Madore ousts Boldt in county race; Mielke leads

Late votes tend to lean conservative, giving edge to Mielke




Vancouver businessman David Madore unseated Clark County Commissioner Marc Boldt on Tuesday, as both candidates acknowledged the gap would be too much for Boldt to make up even with thousands of votes left to be counted.

Tuesday’s returns included approximately 57 percent of voters; elections supervisor Tim Likness estimates final turnout will hit 81 percent. If so, another 57,200 ballots will be counted.

Commissioner Tom Mielke, meanwhile, has a slight lead over Ridgefield businessman Joe Tanner, a Democrat.

Mielke, a Battle Ground-area Republican seeking his second term, leads by 2,311 votes.

Madore leads Boldt, a Hockinson Republican, by 7,971 votes.

“It looks like a very good margin,” said Madore, 61. He said he’s thankful for Boldt’s service.

Boldt, 58, was seeking his third term.

“I’ll live with it, and I’m glad it has been a positive campaign,” Boldt said. He added he’s been inspired by the wide variety of support he received, including from Democrats who rallied around him after the executive board of the Clark County Republican Party disciplined him and then endorsed Madore.

Boldt has acknowledged that he has become more of a moderate since his days as a five-term state representative from the 17th District.

Election watchers at Clark College’s Gaiser Hall pointed to the “under votes,” or number of voters who didn’t vote in the all-Republican race. Approximately 17 percent of voters skipped the Madore-Boldt race, compared with 7 percent of voters who skipped the Mielke-Tanner race. Also, there were 2,207 write-ins in the Madore-Boldt race, compared with 120 in the Mielke-Tanner race.

Madore, an outspoken critic of the Columbia River Crossing and owner of U.S. Digital, spent more than four times as much money as Boldt, $294,126 to $63,762. While

Madore contributed a total of $314,267 to his campaign, Boldt raised $90,183 and did not use any of his own money, according to the Public Disclosure Commission.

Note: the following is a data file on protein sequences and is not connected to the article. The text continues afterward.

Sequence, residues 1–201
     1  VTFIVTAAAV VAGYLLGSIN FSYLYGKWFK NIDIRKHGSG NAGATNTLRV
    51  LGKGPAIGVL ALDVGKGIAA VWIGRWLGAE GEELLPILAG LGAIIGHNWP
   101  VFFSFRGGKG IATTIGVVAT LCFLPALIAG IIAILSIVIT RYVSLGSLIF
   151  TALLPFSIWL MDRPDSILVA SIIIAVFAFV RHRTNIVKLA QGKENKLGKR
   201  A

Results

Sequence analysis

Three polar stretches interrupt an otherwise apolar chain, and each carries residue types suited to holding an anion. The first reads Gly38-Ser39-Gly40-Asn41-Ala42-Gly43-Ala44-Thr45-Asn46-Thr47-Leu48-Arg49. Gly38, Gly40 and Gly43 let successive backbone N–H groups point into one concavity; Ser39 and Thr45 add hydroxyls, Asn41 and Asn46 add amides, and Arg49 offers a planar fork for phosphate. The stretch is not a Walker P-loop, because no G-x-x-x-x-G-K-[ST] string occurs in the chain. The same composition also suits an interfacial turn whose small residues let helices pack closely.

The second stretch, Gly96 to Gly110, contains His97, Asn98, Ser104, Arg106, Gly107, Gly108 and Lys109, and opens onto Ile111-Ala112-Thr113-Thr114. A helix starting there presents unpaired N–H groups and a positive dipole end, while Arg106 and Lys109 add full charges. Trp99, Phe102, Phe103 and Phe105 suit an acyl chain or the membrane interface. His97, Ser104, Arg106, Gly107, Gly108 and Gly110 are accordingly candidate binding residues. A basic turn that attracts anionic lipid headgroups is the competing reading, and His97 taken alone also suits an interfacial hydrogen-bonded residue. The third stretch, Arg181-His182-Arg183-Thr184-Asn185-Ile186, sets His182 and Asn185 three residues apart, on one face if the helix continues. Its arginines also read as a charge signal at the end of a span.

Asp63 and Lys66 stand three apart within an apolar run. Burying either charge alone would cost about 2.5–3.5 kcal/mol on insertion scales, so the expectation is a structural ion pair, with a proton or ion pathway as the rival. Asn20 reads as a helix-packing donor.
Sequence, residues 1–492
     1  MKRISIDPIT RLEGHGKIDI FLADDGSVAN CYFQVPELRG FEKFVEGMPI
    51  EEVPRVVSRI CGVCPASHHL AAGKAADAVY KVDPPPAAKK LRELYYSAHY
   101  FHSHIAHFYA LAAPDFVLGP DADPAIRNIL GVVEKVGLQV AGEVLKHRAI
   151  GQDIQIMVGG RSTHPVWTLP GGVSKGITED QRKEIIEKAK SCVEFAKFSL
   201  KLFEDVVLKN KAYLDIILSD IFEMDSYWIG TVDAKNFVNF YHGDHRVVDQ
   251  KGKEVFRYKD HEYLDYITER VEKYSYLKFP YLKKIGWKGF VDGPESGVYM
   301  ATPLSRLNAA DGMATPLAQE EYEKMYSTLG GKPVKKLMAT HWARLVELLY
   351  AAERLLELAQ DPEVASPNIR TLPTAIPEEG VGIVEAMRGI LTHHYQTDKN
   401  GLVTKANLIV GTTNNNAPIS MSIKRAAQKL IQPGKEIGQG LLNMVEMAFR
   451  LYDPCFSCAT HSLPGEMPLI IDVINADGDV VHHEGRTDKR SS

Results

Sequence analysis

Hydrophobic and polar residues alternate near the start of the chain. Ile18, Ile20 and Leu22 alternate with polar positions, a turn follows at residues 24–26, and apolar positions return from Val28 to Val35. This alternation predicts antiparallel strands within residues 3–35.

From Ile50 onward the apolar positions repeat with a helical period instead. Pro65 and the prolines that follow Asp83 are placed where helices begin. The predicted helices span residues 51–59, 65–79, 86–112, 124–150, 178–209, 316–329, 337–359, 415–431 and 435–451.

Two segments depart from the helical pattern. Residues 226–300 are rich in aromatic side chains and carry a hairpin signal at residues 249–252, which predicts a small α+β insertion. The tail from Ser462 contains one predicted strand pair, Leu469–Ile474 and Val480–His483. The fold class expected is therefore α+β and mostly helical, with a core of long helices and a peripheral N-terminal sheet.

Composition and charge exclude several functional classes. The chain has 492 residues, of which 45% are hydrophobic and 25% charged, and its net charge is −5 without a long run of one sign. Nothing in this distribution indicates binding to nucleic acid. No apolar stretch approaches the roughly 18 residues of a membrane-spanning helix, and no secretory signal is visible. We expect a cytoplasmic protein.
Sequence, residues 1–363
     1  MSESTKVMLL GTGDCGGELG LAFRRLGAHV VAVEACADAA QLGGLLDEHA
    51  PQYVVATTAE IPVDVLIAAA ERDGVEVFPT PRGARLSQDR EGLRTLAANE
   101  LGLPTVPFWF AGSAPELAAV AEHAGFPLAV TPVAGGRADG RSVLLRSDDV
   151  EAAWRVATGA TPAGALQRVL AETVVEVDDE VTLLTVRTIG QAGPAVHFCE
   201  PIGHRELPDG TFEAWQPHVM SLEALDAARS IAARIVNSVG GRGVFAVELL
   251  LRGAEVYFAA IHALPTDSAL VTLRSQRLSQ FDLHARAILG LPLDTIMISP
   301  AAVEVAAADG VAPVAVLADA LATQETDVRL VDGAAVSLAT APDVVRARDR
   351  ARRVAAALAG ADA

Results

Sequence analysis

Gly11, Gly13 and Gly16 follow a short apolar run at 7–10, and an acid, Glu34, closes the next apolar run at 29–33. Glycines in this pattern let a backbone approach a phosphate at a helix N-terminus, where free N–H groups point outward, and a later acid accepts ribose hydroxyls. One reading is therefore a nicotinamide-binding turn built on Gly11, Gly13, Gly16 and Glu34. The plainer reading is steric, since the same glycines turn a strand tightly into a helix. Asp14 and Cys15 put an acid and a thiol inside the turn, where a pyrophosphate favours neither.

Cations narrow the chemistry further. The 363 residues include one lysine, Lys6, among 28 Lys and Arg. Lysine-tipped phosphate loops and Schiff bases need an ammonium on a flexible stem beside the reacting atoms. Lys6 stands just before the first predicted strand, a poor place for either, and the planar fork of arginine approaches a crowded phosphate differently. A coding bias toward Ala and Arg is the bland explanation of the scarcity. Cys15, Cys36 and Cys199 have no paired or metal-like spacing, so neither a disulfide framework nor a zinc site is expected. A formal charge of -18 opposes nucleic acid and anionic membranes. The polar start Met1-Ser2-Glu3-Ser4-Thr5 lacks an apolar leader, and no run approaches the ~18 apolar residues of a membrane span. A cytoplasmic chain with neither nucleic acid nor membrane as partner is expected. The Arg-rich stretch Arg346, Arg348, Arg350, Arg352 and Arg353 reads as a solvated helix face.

Tanner spent $167,345, approximately eight times as much money as Mielke. Tanner’s finances include $31,000 of his own money and a $10,000 loan. Mielke spent $21,054 and loaned his campaign $2,750.

Mielke, 70, served four terms as an 18th District state representative and ran for county commissioner twice unsuccessfully before winning in 2008. That year, election night returns showed him trailing Democrat Pam Brokaw but he eventually won by 207 votes.

If the pattern of later votes trending conservative holds, Mielke will extend his lead.

Tanner, 65, said he’ll just have to wait for updated election results, which will be released today.

He said he has no second thoughts on how he ran his campaign.

Madore and Mielke won in the districtwide August primaries, with Madore finishing first in a four-way race in District 2 and Mielke finishing first in a five-way race in District 1.

District 1 covers north county and reaches as far south as parts of Orchards and Hazel Dell.

District 2 includes most of Vancouver east of Interstate 205, Camas, Washougal and other parts of east county.

Tuesday’s vote was countywide.

Commissioners, among other things, set land-use policies for unincorporated areas, implement federal and state regulations and, by law, have to approve a balanced budget. They also serve as the county’s Board of Health and all have seats on both C-Tran’s Board of Directors and the Southwest Washington Regional Transportation Council.

They work full time and currently earn $102,224 a year.

Columbian staff writer Stevie Mathieu contributed to this story.